Babies born to battered women have a higher likelihood of becoming failure to thrive, which means these newborns will fail to develop to their normal full potential in early childhood, Breitmaier explained. In severe cases, failure to thrive can be fatal, she concluded.
Domestic abuse survivor, Anna, whose name has been changed for protective reasons, said she lost her child five months into her pregnancy, due to a violent assault from her ex-boyfriend. Although she knew he had a bad temper during the duration of their relationship, she said she never expected what was to come.
“I was so happy to be expecting. I was afraid of the unknowns, but I knew we could get through anything together,” Anna said. “When the doctors told me we were having a little girl after our ultrasound, my relationship turned on its head,” she said. “When we came home from the ultrasound, Adam told me we needed to abort the baby and try again for a boy. When I resisted, in shock and began to cry, he snapped, ran out to the kitchen, came back in our bedroom and ran towards me. I screamed for him to get away from me, when he proceeded to repeatedly bash my stomach… I began to bleed all over the floor, later passing out.”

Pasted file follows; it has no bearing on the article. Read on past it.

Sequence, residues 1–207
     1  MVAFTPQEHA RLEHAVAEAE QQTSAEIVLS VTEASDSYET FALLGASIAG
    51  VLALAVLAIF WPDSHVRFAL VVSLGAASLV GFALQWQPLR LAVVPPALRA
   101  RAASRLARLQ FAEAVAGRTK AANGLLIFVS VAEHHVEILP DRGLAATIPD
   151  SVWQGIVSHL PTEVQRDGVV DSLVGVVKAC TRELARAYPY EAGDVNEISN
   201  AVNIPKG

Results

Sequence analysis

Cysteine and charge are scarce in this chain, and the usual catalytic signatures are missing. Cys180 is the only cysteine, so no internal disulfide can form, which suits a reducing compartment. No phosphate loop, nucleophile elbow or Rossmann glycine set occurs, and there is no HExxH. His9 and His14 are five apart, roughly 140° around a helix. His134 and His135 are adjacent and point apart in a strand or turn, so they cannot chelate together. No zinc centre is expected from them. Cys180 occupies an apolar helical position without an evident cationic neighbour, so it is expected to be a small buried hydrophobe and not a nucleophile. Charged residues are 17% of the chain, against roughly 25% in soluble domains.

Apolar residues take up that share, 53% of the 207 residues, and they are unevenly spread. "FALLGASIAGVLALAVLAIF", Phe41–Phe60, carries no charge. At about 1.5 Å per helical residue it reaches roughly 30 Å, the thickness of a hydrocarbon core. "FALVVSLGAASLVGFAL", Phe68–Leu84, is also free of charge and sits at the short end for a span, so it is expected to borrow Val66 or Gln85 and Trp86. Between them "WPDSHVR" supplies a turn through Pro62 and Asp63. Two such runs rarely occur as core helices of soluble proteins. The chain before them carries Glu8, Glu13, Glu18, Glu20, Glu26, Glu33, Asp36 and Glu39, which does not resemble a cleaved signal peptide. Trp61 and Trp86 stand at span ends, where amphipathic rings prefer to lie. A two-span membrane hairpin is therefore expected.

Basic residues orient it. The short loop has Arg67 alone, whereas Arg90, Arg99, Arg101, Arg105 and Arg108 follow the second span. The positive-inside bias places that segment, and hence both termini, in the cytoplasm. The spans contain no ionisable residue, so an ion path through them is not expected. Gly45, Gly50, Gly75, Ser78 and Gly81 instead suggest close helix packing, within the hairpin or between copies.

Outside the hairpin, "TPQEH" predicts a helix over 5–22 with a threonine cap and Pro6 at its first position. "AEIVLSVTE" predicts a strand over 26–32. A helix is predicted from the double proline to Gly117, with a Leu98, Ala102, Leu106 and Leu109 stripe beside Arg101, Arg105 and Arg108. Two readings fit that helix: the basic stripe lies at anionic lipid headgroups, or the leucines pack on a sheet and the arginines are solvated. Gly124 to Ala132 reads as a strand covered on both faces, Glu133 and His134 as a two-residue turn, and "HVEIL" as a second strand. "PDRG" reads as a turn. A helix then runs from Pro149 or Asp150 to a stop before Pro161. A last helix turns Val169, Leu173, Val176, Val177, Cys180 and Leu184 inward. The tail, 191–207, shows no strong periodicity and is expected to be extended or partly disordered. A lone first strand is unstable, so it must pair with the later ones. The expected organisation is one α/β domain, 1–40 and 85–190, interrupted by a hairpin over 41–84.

Anna said the assault during her pregnancy is still as fresh in her mind as if it happened yesterday. “When you’re expecting, that child becomes your world. When an abuser takes your child’s life, a part of your life forever ends too,” she said.
Experts and organizations supporting survivors of Intimate Partner Violence provided a recent study showing the risk of coerced pregnancy and forced childbearing on mothers who experienced domestic violence. Experts of the study shared a survey done by the National Domestic Violence Hotline, with 3,000 women who called their national hotline. More than 25 percent reported that their abusive partner sabotaged their source of birth control to entrap them, posing greater risk to the unborn child.